Spark plans to roll out 300 ATMs in Zimbabwe

“It already had nearly 40 cash machines installed inside shops, food courts and filling stations.”

SOUTH Africa’s Spark ATM Systems is targeting expansion into five other African countries in the next three years after successfully growing in Zimbabwe, where it has rolled out in-store cash machines.

In Zimbabwe, the company has plans to have about 300 ATMs installed in the next few months. It said yesterday that it already had nearly 40 cash machines working inside shops, food courts and filling stations, mainly in Harare.

One of Spark ATM’s partners in Zimbabwe, CBZ Bank, has previously said the in-store ATMs were able to accept cards from other banks using the Zimswitch platform, which enables cardholders to access cash from ATMs of rival banks.

An in-store ATM would benefit Zimbabwean retailers by helping to improve customer loyalty and by getting more feet through the door, offering the prospect of extra purchases from impulse buying.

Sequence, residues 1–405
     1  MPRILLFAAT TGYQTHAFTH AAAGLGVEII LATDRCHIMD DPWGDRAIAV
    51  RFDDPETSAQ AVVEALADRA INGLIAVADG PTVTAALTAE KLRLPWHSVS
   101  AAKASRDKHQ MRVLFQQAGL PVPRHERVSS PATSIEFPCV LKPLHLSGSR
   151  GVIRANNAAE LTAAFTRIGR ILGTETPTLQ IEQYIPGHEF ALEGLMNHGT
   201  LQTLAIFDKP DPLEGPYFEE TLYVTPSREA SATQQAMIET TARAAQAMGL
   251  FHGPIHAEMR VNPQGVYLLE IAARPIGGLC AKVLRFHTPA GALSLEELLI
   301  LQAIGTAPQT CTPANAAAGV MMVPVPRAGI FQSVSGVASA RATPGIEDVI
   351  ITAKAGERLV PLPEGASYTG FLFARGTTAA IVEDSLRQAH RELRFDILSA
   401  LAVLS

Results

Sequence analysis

“We have just under 40 machines in Zimbabwe already, and plan to be represented in another five African countries within the next 36 months,” Marc Sternberg, the managing director, said.

Spark ATM had partnered with Metacom, an industrial communications company, to keep “communication costs below R200 a month at each site”.

The company has more than 2 500 ATMS across South Africa and has managed to keep running costs lower than most, a situation that has seen its network growing by 50 to 60 machines each month.

Its network has benefited from services offered by Metacom, which include remote monitoring and control.

This enables the company’s contact centre workers to diagnose and fix problems, change configurations and settings, and reboot machines remotely from the office.

Most Zimbabwean banks, including CBZ and Barclays Zimbabwe, are revamping their product offerings and systems to improve how their clients access banking services.

This includes upgrading platforms for internet banking and installing hi-tech cash machines. Banks face rising competition from mobile money services such as EcoCash and Telecash, run by Econet Wireless and Telecel Zimbabwe, respectively.

Sternberg said last year that the company was keen to engage more Zimbabwean banks.

“We are looking forward to adding huge value to the banking business as we provide world-class standard ATMs,” Sternberg said.